Editor’s note: This story packages with another headlined “Perfectionism leads to unusually high stress levels,” also by Jesse.
People can make changes in their breathing and physical awareness to combat negative thinking and chronic stress, according to a recent article published by BYU professor Patrick R. Steffen, and BYU clinical psychology doctorate students Tara Austin and Andrea DeBarros.
This study showed chronic stress, which is related to depression and anxiety, can be lessened through biofeedback and mindfulness.
Steffen, the director of the clinical psychology program at BYU, said people with anxiety experience worry and concern for the future, but often their worrying is focused on the fear of something bad happening in the future.
Stefan said anxiety can give people boosts of energy in the short term. However, he says the effects are not beneficial in the long term.
“In the long term, it burns people out,” Steffen said.
Steffen suggests seeking out psychotherapy, stress management or mindfulness if anxiety leads to chronic unhappiness, chronic tenseness or physical illness.
Mindfulness is a way of thinking, making oneself aware and accepting of experiences in a non-judgmental way.
People who are not aware of “moment-to-moment experience” many times avoid difficult emotions, according to the study. This behavior leads to negative thoughts.
Utah County therapist Camille Foster said people with anxiety tend to have a negative slant on events.
“Everybody with anxiety distorts events and the consequences of the events,” Foster said.
Foster teaches clients to focus on the present moment. She does this by stressing the five senses. Her office has shells and candy, which she said she uses to help people learn how to focus on touch and taste — on the moment.
Steffen suggested practicing 20 minutes of mindfulness per day. He said mindfulness reduces depressive symptoms, regardless of someone’s religious affiliation or spirituality. There are also apps and internet programs geared toward practicing mindfulness.
Biofeedback is the use of machines and sensors that monitor breathing, muscle tension and heart rate on a screen. Therapists then use that information to show clients how to regulate their breathing to calm down.
Biofeedback helps people see what happens to their bodies in a heightened state of stress, and what they can do to return to “healthy regulation.” Steffen suggested breathing in through the nose for five seconds and out through the mouth for five seconds, totaling six full breaths per minute.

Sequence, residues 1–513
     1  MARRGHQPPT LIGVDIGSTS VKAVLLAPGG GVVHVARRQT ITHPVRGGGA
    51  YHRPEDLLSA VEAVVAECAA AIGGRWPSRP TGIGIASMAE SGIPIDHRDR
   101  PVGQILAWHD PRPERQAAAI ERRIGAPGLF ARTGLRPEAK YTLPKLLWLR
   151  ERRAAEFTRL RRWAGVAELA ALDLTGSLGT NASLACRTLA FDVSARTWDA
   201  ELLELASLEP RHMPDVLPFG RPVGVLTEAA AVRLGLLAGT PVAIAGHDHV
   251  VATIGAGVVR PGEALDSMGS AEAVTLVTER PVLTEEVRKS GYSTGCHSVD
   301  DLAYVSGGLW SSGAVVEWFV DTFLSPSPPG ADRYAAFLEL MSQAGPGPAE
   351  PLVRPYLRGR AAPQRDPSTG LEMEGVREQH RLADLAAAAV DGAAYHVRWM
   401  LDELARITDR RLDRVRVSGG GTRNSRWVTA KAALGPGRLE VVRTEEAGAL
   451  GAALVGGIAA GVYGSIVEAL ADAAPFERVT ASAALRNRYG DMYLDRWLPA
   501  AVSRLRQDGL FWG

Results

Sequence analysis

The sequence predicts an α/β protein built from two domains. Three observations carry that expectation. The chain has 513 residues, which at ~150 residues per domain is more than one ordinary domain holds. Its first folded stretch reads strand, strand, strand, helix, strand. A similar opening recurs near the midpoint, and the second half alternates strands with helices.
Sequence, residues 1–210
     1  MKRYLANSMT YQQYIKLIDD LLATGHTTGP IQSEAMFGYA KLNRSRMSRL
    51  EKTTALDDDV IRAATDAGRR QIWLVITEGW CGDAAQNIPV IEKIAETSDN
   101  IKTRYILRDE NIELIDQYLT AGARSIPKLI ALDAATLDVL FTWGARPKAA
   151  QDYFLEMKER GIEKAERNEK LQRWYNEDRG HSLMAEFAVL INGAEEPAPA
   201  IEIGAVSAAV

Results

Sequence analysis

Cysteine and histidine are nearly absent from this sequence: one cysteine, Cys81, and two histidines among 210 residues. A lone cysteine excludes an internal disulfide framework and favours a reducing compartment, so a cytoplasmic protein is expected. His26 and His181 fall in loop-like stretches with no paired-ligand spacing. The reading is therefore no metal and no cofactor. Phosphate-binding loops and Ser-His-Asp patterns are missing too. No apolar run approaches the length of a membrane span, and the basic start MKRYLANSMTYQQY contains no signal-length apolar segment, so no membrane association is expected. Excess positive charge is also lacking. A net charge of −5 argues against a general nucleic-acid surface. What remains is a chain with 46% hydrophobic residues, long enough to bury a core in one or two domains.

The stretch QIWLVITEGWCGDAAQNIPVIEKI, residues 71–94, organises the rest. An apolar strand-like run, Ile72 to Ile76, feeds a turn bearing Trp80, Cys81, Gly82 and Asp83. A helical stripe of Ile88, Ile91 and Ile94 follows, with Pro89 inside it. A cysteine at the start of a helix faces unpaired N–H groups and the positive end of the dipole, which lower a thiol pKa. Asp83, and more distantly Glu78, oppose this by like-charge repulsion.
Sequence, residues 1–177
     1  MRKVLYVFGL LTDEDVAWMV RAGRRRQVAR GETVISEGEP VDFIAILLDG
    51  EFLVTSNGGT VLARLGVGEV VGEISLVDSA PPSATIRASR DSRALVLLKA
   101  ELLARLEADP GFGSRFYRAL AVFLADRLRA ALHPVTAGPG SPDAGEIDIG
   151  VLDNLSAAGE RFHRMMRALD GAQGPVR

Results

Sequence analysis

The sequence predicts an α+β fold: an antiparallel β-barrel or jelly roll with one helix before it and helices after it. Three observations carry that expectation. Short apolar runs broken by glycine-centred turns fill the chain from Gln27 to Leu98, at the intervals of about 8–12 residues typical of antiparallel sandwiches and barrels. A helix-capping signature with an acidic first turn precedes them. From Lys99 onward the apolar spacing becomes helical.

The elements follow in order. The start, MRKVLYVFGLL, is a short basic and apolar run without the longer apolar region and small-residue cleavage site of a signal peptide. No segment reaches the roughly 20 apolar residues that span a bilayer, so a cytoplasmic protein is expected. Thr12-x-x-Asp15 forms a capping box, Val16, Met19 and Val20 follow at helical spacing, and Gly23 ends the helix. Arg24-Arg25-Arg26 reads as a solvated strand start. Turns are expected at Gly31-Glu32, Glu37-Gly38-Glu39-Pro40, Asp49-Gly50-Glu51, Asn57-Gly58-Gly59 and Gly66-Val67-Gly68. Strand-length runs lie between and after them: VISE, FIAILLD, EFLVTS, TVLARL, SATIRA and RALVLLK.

Steffen said people with anxiety tend to breathe more quickly than necessary, which leads to panic attacks.
“You can learn to slow down your breathing, relax your muscles through feedback from the screen,” Steffen said. “Seeing yourself in real time, people can learn to change their physiology in real time.”
In her practice, Foster said she has her clients take quick breaths to see how it affects their bodies. Then she practices slow breathing with them to show them the difference it makes.
The study said there are many benefits to using portable biofeedback devices. They can be used anywhere (with internet and phone applications), reduce clinic visits and cost, fit people’s schedules and avoid the stigma people have with seeking professional help for mental illness.
Effects of using biofeedback and mindfulness
Mindfulness and biofeedback were shown to decrease heart rate, which is often elevated during anxiety attacks.
In 2000, it was estimated the cost of depression in the US was $83 billion, and just 10 years later, $210 billion. The costs include working while sick (affecting productivity), medical services and prescription drugs.
“Current approaches of medication and psychotherapy have not been able to stop the rise in disease burden due to difficulties in cost, time, side effects, effectiveness, and stigma,” according to the study.
Anxiety can be overcome, according to Foster.
“You can overcome it with healthy coping skills,” Foster said. “Any client who’s willing to work can overcome their anxiety.”
The study was published in December in the journal, “Policy Insights from the Behavioral and Brain Sciences.”